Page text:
12.07-12.14.17 Full events listed online at www.pghcitypaper.com Nathan James moved to New York City in 2012. Today, the Pittsburgh-native actor and Pitt grad is getting roles like that of Billy Crystal’s drinking buddy in the in-production comedy film We Are Unsatisfied. James is also teaching — screenwriting at HBO, acting at Princeton University — and writing: his monologue “Superiority Fantasy” recently made headlines in Portland, Ore. The monologue is part of Hands Up: 7 Playwrights 7 Testaments, a touring set of one-acts written in response to police shootings of black men. A July 2016 performance by AfricanAmerican actor Alonzo Chadwick led to an unexpected dialogue between Chadwick and veteran Portland Police Capt. Michael Crebs. Crebs told news site Oregon Live that James’ play had helped him understand why African-Americans fear police. “It really touched my heart,” Crebs said. That’s a hard act to follow. But James will try on Dec. 8 and 9 when he returns to Pittsburgh with a revamped version of Growing Pains, his potent one-man show about coming of age in Pittsburgh in the 1990s, as part of the hip-hop generation. It debuted 10 years ago, at the Kelly-Strayhorn Theater, and he performed it here again in 2013, at the August Wilson Center, site of this week’s performances. The 75-minute blend of poetry, monologue and multimedia has “changed from being a bunch of different [characters] to being a story,” says James, reached by phone. He plays characters including a man who gave him unhealthy advice about recovering from heartbreak, and a gangster rapper named Venom. Another scene links the 1995 KKK rally here to James’ great-great uncle Terry, who fled slavery in North Carolina. James has performed Growing Pains at venues including New York’s United Solo Theatre Festival. Now he’s bringing it back somewhere he doesn’t have to define the Strip District, or explicate Steelers fandom. “It’s a very, very Pittburgh show,” he says. “This place made me who I am”

{PHOTO COURTESY OF HANDERSON GOMES}

^ Thu., Dec. 7: A Christmas Story

thursday 12.07

BY BILL O’DRISCOLL

8 p.m. Fri., Dec. 8, and 8 p.m. Sat., Dec. 9. 980 Liberty Ave., Downtown. $20. www.trustarts.org

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PITTSBURGH CITY PAPER 12.06/12.13.2017

TALK Debórah Dwork speaks on “Raising Their Voices: Children’s Resistance through Diary Writing and Song” tonight at Frick Fine Arts Auditorium. The lecture, co-presented by the Holocaust Center of Pittsburgh and Pitt’s Jewish Studies program, focuses on children’s voices and creativity as a form of resistance during the Holocaust. Dwork teaches Holocaust history at Clark University and is a scholar-in-residence at the U.S. Holocaust Memorial Museum, in Washington, D.C. Amanda Reed 7 p.m. 650 Schenley Drive, Oakland. $18 (free for students; $36 includes private reception). 412-681-8000 or www.jfedpgh.org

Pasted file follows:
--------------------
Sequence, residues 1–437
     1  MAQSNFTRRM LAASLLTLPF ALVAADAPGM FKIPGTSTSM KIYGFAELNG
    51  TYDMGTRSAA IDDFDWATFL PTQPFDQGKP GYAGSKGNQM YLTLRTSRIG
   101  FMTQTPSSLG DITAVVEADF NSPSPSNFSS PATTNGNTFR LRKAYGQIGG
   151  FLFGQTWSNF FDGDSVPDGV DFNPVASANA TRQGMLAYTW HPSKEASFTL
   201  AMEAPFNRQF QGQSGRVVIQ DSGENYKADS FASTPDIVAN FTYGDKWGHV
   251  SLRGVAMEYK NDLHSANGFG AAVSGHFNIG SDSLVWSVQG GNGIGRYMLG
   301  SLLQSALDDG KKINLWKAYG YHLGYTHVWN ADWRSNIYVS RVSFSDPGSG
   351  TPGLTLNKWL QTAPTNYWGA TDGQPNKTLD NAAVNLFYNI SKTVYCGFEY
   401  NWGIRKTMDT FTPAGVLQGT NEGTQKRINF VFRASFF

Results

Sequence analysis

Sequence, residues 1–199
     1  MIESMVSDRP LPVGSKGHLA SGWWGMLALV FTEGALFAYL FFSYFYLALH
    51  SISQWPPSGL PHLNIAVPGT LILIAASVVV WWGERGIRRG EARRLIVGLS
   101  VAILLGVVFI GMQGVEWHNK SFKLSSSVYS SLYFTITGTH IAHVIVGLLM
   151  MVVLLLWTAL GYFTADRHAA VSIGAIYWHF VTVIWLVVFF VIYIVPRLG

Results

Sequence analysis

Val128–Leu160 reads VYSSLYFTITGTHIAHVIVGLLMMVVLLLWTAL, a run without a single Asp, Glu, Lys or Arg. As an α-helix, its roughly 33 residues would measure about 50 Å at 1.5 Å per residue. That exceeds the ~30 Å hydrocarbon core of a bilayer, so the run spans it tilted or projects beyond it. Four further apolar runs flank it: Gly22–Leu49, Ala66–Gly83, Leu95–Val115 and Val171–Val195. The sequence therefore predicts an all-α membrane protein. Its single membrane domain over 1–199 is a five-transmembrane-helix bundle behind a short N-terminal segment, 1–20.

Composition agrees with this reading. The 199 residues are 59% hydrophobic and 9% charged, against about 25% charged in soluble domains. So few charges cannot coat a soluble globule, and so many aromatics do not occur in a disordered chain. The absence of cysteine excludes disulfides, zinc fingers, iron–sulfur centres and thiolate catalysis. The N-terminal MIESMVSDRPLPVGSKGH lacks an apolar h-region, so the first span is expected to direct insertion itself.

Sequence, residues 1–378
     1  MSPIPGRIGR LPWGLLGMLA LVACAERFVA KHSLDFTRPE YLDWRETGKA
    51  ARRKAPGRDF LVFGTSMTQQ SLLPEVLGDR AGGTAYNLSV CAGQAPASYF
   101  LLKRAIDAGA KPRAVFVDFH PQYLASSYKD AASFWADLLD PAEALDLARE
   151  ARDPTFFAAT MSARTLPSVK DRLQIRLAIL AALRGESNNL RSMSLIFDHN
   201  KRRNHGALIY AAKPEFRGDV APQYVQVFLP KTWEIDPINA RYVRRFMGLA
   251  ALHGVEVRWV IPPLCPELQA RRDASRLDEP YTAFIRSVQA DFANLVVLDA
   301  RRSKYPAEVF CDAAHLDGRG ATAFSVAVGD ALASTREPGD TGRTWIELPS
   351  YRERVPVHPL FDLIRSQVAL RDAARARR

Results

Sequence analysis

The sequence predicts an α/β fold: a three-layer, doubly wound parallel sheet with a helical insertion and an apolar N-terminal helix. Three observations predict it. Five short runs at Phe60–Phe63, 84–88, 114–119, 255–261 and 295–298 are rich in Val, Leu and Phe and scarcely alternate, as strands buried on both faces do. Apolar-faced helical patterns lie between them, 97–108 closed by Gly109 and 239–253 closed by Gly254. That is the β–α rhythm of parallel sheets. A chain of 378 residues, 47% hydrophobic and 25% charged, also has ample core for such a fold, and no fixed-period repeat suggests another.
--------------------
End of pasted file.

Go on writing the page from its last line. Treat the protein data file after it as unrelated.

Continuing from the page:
STAGE You knew it was coming: Midnight Radio, the Bricolage Production Company series that performs oldschool radio plays live, follows its holiday stagings of It’s A Wonderful Life (2014) and Yinz’r Scrooged (2015) with A Christmas Story. Philip Grecian’s comedy is based on the beloved 1983 film about 9-year-old Ralphie Parker, his family, and his longing for a certain air rifle. The voiceand-sound-effects cast, including Tony Bingham, Tami Dixon and Monteze Freeland, is augmented by live music from

Cello Fury. The first performance is tonight. Bill O’Driscoll 8 p.m. Continues through Dec. 23. 937 Liberty Ave., Downtown. $25-35. www.bricolagepgh.org

STAGE Celebrate the holiday season with a little laughter. Tonight at Carnegie Stage is the Pittsburgh premiere of The Carols, an original musical comedy by Jennifer Childs and Pittsburgh’s Monica Stephenson. It’s December 1944, and three singing sisters, an out-of-work comic, a pianist and a curmudgeonly landlady gather at the VFW to stage the annual performance of A Christmas Carol, which must go on without the men. AR 8 p.m. Continues through Sun., Dec. 17. 25 W. Main St., Carnegie. $5-30. 724-873-3576 or www.carnegiestage.com

friday 12.08 CON The Sangawa Project, the region’s premiere Japanese pop-culture event for adults, returns today for its seventh year at the DoubleTree Hotel and Conference Center in Green Tree. Presented by the Pittsburgh ^ Thu., Dec. 7: The Carols


s i n o s a e s this holiday town!

t n w o d g n i popp

peoples gas holiday market Open Daily at 11 through December 23 • Featuring artisan gifts from around the world, including Ireland, Italy, Africa, Germany and South America. {IMAGE FROM THE UNITED STATES HOLOCAUST MEMORIAL MUSEUM, COURTESY OF HADASSAH BIMKO ROSENSAFT}

• Plus you’ll find special Pittsburgh gifts, designer jewelry, photography, artworks and even fabulous homemade treats.

^ Thu., Dec. 7: Debórah Dwork